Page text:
Research Conducted by Professional Information Systems Practitioners in Organisations in South Africa

Research Conducted by Professional Information Systems Practitioners in Organisations in South Africa

Udo Richard Averweg (eThekwini Municipality, South Africa & University of KwaZulu-Natal, South Africa)
DOI: 10.4018/978-1-4666-5888-2.ch063
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Background To Practitioner Research

Practitioner research is often used as an umbrella term for a variety of research-based activities – mostly in the fields of education and social and health care. While there is not much literature that discusses other professional areas, practitioner research implies that all practitioners will learn from the research into their practice. This is not always the case in other forms of research (eg. scientific). Campbell (2007) suggests that practitioner research also aims at improving rather proving as an approach to research.

Practitioner research can be defined as systematic inquiry-based efforts directed towards creating and extending professional knowledge and associated understandings of professional practice (Goodfellow, 2005). Practitioner research is located in the field of practice-based or applied research which covers all research about and into practice. It is argued that such practice includes the IS discipline. Research and practice are linked by an exchange in which researchers offer theories and techniques applicable to practice problems; and practitioners, in turn, give researchers new problems to frame and practical tests of the utility of research results (Schön, 2001). Furlong and Oancea (2005: p.1) suggest that practitioner research is like applied research – “an area situated between academia-led theoretical pursuits and research-informed practice.” Groundwater-Smith and Mockler (2006: p.107) opine that in the field of practice-based research “those involved in practitioner enquiry are bound to engage with both ‘theoretical’ and ‘practical’ knowledge moving seamlessly between the two.” Should this movement not occur, a research gap between theory and practice will arise. Sahay and Walsham (1995) suggest that research which strongly engages with theory can help bridge the gap between theory and practice. Practitioner research allows practitioners [including professional IS practitioners] to undertake small-scale research in case studies, ethnographic studies and to be eclectic in their use of methods during inquiry (Campbell, McNamara & Gilroy, 2004: p.80). Inquiry is an integral part of how new knowledge is generated in IS practice. Work in organisations engenders constant change where new knowledge, understanding and new ways of looking at IS practices through practitioner-led inquiry can bring about innovation and the ability to infuse change in these organisations. IS is about how humans use information technology (IT) with specific emphasis on organisational use.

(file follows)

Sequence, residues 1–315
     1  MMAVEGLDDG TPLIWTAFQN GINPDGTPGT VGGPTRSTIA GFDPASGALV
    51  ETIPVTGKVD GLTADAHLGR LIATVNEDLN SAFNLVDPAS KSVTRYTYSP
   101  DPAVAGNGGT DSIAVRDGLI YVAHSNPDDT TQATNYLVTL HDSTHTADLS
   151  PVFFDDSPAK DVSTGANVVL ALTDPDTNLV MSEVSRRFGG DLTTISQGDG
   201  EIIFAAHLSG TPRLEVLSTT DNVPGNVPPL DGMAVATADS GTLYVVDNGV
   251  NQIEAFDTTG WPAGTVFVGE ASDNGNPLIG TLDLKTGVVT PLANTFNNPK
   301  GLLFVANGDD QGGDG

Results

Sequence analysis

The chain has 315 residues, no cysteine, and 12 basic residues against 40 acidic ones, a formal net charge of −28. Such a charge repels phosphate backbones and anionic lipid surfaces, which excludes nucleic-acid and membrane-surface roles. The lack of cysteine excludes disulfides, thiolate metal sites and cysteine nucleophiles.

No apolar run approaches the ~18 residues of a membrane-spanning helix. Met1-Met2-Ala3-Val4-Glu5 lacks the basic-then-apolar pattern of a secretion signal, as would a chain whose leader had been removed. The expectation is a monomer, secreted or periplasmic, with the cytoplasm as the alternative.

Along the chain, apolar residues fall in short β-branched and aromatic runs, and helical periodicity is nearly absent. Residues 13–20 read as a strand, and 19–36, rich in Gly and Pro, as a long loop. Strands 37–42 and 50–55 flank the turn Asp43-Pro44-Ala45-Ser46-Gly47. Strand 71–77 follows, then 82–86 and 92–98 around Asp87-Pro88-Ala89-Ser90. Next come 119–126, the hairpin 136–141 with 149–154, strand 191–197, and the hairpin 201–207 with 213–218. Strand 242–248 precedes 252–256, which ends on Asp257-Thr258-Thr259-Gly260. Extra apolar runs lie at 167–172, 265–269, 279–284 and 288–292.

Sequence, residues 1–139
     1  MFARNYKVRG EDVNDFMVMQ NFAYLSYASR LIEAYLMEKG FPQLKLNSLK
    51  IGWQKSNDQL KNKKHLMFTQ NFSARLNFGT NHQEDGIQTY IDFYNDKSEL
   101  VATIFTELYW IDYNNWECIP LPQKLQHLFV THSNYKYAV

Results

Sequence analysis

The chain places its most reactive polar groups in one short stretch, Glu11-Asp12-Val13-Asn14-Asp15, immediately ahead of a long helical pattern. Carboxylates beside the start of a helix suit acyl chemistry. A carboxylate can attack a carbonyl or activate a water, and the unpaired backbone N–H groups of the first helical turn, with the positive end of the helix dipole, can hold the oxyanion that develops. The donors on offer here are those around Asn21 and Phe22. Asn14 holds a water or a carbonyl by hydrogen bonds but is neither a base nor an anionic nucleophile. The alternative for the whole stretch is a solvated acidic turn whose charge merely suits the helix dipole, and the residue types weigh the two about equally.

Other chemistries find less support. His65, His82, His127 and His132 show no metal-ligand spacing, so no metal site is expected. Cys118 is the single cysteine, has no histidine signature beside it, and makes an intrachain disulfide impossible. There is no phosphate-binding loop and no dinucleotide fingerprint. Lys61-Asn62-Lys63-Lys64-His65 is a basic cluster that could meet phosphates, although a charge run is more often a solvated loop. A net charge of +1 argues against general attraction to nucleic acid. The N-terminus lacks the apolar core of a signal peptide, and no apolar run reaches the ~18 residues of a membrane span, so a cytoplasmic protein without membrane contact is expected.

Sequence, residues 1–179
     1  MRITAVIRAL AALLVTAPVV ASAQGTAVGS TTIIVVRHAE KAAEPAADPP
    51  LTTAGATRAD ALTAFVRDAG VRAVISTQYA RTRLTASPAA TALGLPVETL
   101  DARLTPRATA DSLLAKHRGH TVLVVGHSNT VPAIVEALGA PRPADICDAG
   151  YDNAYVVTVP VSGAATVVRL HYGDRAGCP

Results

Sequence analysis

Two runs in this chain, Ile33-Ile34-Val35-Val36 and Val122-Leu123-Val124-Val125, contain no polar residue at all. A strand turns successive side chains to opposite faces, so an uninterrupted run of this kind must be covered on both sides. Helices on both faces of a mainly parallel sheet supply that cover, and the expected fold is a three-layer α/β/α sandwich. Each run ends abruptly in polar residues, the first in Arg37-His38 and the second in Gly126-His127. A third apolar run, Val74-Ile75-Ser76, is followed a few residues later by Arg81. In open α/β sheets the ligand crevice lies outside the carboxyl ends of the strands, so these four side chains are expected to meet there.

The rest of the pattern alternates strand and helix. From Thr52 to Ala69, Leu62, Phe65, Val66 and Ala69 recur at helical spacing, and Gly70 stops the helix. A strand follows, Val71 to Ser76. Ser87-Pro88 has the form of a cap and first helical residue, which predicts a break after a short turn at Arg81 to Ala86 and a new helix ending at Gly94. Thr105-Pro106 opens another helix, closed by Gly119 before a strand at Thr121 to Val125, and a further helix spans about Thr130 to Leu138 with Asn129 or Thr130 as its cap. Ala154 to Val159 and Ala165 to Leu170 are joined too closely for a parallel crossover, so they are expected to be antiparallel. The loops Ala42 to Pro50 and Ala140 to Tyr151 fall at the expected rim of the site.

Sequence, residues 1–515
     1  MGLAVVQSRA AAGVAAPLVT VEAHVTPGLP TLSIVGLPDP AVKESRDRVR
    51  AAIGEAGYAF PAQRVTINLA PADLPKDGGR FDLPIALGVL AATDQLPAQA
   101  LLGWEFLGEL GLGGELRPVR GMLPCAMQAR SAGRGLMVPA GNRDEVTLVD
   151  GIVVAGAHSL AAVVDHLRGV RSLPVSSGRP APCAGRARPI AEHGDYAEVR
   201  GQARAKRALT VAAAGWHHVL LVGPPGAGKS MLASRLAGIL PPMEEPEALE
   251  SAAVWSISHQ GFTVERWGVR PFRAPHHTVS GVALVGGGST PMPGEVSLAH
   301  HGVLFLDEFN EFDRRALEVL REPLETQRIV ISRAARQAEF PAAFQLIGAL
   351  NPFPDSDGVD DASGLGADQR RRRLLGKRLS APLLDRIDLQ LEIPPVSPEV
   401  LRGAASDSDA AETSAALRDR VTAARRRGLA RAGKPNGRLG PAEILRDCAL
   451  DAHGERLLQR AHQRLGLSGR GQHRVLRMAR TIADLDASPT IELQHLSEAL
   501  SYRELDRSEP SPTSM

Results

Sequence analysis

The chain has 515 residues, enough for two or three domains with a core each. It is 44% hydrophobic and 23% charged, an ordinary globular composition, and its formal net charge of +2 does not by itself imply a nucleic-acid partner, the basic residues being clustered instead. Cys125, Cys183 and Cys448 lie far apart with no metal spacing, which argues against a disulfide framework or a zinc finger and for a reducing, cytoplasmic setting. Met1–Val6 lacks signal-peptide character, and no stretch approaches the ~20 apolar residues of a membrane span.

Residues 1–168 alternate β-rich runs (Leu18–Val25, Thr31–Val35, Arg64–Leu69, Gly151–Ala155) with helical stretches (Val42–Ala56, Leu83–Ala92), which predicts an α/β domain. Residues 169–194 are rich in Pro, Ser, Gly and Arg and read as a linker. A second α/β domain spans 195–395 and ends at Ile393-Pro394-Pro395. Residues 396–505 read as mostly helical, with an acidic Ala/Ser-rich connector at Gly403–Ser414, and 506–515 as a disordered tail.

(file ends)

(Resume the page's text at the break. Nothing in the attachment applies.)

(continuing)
Key Terms in this Chapter

Practitioner Research: Systematic inquiry-based efforts directed towards creating and extending professional knowledge and associated understandings of professional practice.

Information Systems Specialists: They focus on integrating information technology solutions and business processes to meet the information needs of businesses enabling them to achieve their objectives in an effective, efficient way.

Computing: Any goal-oriented activity requiring, benefiting from, or creating computers.

Professional: In the Information Systems discipline it means any person practicing or managing the practice of skills used in the performance of work in the family of computing disciplines and who subscribes to the Code of Conduct and the rules of the recognised institute for its registered members.

Information Technology: Its emphasis is on the technology itself more than on the information it conveys.

Professional Knowledge Creation: Knowledge which is derived from the systematic accumulation of evidence in the professional Information Systems practitioner’s environment in organisations.

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